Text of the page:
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Monday, November 21, 2016

Prayer of Prayers




Prayer of Prayers


for the Water Protectors at Standing Rock



The leaves hang on
into mid-November
oak, alder, locust –
each one a prayer flag
singing aloud –
scarlet, cinnamon, yellow
rippling with
wind’s rough caress. 
Every acorn,
every hickory nut,
a tobacco tie
hung in the trees;
they call out to us
come harvest your prayers.


Soon a blanket of prayers
will cover the earth
and the trees will stand
like prayer poles
dressed in feathers—
gifts from bluejay,
eagle, hummingbird,
meadowlark.
The planet prays for us,
for itself;
the planet sings
for November’s endurance,
weaves a nest
for our future
to curl up inside
and learn winter’s
Kevlar-wrapped stories.
This planet is a prayer.
Each icy night
under floodlights
and spy drones
she offers up moon
and stars, a holiness of cold.


You think prayer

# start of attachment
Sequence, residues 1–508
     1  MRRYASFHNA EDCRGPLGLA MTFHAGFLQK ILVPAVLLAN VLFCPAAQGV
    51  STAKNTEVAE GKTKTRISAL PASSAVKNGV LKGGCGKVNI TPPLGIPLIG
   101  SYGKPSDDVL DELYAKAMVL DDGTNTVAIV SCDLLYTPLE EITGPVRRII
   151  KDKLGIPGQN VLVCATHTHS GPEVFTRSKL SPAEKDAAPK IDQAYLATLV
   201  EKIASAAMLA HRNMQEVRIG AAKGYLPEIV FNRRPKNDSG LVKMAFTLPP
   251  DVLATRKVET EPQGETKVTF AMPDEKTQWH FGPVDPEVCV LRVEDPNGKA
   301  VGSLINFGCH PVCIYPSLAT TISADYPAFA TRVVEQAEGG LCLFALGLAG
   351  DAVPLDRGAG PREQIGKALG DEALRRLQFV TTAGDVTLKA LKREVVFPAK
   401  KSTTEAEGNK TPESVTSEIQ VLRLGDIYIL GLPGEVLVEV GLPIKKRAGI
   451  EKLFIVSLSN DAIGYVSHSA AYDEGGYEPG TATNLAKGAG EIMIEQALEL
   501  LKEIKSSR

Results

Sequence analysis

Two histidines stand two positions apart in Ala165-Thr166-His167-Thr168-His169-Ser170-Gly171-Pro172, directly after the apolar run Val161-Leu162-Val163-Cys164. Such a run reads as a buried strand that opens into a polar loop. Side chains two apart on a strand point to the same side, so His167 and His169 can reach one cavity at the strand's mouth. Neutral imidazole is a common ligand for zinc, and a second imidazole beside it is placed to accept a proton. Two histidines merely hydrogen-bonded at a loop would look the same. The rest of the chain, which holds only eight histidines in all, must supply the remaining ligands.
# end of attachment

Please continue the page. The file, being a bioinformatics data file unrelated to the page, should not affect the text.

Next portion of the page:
cannot change this war?
Then redefine prayer:
it is clothing frozen
to the bodies of warriors
who do not carry
any other weapon
against water canons;
it is eyes swollen shut
with teargas, a relative
holding a bottle of saline solution;
it is the ferocious flower
left behind by a rubber bullet
blossoming on the face
of a woman who is, in the end,
made wholly of prayer,
her spirit an impenetrable vessel
carrying prayer out to the edges
of camp where armed officers
try to hold prayer at bay,
as if prayer were a rabid bear
or a pack of wolves
that must be isolated,
beaten, eradicated
because prayer is contagious
prayer is that dangerous
prayer rages like a bonfire
no fire hose can quench.


The leaves hang on
into mid-November
oak, alder, locust –
each one a prayer flag
howling hoarse –
scarlet, cinnamon, yellow
snapping under
wind’s cracked hands. 
Every acorn,
every hickory nut,
a tobacco tie
swaying in the trees;
they cry out to us
come harvest your prayers
come pound them into meal
come mix them with river water
come cook them on this blazing rock:


oh people, come feast
on this prayer so righteous
it burns your tongues,
wash it down
with a sip from the river
whose songs will always call you
Beloved.


Deborah Miranda
House Mountain, Virginia

November 21, 2016

For more information:

Updates from Standing Rock






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